With this came a name change and a website was born. The ethos remained the same though, to show local communities and their love of the game. “We experimented with different approaches to creating video content” Steve said. “I was doing video myself and also shipping camcorders with prepaid return postage to correspondents. I wanted higher quality output and to embed researchers in different communities long term.”
As things grew the ambition soared with it “We bought a truck with the goal of wrapping it and going out on the road just traveling the country covering below the radar soccer events.” Pretty much giving a voice to the voiceless of a sport that runs a pay to play program which stifles talent from lower-income families. “Eventually I linked up with a videographer and director who I liked from her hip hop music videos and wanted to bring her aesthetic into the documentaries. We shot our first project in 2017 with Jamisa Johnson and Peace Living Films of Wilmington, DE about Bearfight FC.”
“For the next two years we flew her around the country making docs. At the same time I got the truck wrapped and started doing stand up interviews and attending games in the truck.”
Flying people around the country? Wrapping a Van? Attending games across the country? There must have been some serious investment you would think, yet Steve and the crew still do everything through ‘grassroots’. “We build a professional proof of concept and traffic so we can offer turnkey execution when sponsors come in.” This is where Steve’s professional background as a strategist working in advertising agencies comes in handy. “I bring that insights-based approach to the work. I write a creative brief for each project for Jamisa, similar to how I write a creative brief for art directors and copywriters when I make ads.”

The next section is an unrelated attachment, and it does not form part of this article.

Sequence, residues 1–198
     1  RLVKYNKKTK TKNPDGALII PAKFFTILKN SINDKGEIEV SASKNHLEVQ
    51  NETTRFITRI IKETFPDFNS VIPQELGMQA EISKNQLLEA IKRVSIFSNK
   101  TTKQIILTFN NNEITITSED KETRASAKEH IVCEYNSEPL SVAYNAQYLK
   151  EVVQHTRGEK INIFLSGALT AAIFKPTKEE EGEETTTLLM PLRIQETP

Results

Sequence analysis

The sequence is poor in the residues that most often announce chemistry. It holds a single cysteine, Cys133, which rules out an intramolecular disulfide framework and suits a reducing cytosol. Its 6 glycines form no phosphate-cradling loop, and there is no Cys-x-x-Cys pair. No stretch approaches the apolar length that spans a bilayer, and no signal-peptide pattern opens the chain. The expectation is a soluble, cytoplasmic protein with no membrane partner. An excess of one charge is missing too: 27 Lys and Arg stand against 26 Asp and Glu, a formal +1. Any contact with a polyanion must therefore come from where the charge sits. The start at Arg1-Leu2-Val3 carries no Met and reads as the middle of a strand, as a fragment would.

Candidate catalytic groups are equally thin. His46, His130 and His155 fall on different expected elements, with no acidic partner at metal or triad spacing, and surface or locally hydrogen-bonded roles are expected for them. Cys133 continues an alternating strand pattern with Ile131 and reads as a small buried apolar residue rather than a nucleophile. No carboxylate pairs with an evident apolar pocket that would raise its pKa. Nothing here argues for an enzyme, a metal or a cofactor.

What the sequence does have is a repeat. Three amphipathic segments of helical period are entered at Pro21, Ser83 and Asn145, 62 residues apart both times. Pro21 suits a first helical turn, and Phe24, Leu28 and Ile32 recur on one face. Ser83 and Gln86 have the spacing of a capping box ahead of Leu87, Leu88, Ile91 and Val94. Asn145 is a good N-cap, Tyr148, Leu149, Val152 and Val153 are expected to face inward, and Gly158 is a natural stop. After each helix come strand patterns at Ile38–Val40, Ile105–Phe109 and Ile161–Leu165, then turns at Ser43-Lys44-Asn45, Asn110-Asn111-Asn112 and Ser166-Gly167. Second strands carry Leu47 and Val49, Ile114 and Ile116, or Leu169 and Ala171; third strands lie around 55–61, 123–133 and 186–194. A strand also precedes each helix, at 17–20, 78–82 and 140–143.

So what’s the goal for Steve and Non-League America? ”To bring brands into the platform as sponsors of the documentaries as part of their multicultural marketing strategies. We want to have multiple trucks crisscrossing the country shooting and editing and posting professional documentaries specifically about independent and unsanctioned clubs and tournaments.”
“Unsanctioned clubs are a big thing, although most of them are sanctioned somehow or another, because that is how they get their insurance. The problem is related to 1. The professional league standards set by the federation with arbitrary wealth requirements, and 2. The tying to the defacto “4th Division” leagues (NPSL and USL League 2) relying to NCAA players, playing for them in a short 3 month season to constitute national amateur leagues, which are regional conference based competitions that funnel into a national playoff.”